Mortgages Rates Sink But Demand Is Slow To Follow Over Recession Fears

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US housing inventory is increasing slowly as sales have declined in recent months
US housing inventory is increasing slowly as sales have declined in recent months

Mortgage rates saw a decline in the last week as the wider market continued to reorient itself to an uncertain world of tighter monetary policy and looming recessionary risks. Despite this decrease, demand for mortgages has continued to fall. 

On Wednesday, the Mortgage Bankers Association (MBA) released its latest data showing mortgage applications decreased 5.4% from last week, even after taking into account the holiday adjustment for Independence Day. At the same time, the average interest rate on a 30-year fixed-rate mortgage decreased slightly from 5.84% to 5.74%.

For weeks, the deterioration of demand in the housing market had to do with imbalanced supply and demand, driven by low housing inventory against surging demand. But the fears of a wider economic downturn are leaving buyers cautious about stepping in to take advantage of lower mortgage rates, said Joel Kan, MBA’s Associate Vice President of Economic and Industry Forecasting.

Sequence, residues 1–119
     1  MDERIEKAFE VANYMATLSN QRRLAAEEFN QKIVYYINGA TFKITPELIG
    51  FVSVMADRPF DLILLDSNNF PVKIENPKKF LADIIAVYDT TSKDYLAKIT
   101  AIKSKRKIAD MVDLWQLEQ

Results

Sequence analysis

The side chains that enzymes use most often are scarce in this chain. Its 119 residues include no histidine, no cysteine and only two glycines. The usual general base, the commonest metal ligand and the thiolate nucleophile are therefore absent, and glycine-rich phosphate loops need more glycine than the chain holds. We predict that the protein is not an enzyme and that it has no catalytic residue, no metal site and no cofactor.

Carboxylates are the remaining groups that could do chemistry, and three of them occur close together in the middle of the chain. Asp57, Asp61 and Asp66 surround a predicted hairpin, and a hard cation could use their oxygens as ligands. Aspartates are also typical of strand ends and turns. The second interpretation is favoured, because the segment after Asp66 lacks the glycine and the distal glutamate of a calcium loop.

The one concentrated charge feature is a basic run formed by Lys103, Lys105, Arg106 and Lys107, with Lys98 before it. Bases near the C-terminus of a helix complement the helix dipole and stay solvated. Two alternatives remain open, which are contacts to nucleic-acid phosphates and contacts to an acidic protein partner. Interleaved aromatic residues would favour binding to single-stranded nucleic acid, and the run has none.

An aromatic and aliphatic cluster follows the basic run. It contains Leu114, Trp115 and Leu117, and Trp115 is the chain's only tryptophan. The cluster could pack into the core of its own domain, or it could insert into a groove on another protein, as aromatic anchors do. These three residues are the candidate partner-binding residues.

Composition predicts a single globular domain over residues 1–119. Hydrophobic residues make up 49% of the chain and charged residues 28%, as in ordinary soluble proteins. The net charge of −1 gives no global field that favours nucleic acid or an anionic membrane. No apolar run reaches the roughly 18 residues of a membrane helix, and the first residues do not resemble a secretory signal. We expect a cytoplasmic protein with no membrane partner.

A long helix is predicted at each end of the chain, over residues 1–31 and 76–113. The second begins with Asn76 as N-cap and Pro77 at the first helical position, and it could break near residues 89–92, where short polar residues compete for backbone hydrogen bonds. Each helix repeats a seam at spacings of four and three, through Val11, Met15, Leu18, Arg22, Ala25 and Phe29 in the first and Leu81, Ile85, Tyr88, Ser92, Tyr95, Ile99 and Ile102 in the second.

“Mortgage rates decreased for the second week in a row, as growing concerns over an economic slowdown and increased recessionary risks kept Treasury yields lower," Kan said in a statement. "Rates are still significantly higher than they were a year ago, which is why applications for home purchases and refinances remain depressed."

MBA's Refinance Index fell by 8% in the last week and was found to be 78% lower than it was at the same point last year. According to its data, the refinance share of mortgage activity also fell slightly from 30.3% to 29.6% in the last week.

Throughout last year, the U.S. housing market rebounded sharply from the downturn experienced in 2020 when the COVID-19 pandemic arrived and the supply of available homes lagged behind surging demand. Complicating the situation was a pre-existing labor shortage in the construction sector and supply chain issues with construction materials driving prices higher nationwide. 

But with inflation continuing on its upward trajectory, the Fed has acted to correct the course. Since March, the central bank has raised interest rates three separate times with the most recent hike in June bringing rates up by their highest amount since 1994. 

After announcing the latest rate hike, Fed Chairman Jerome Powell acknowledged that the housing market was softening in response to the higher mortgage rates that came with the Fed’s choices. Powell conceded that he did not yet know what the total impact rising interest rates would have on housing prices or residential investment in the market, but he described it as still remaining "very tight." 

“We need to get back to a place where supply and demand are back together, and where inflation is down low again and mortgage rates are low again," Powell told reporters. 

 

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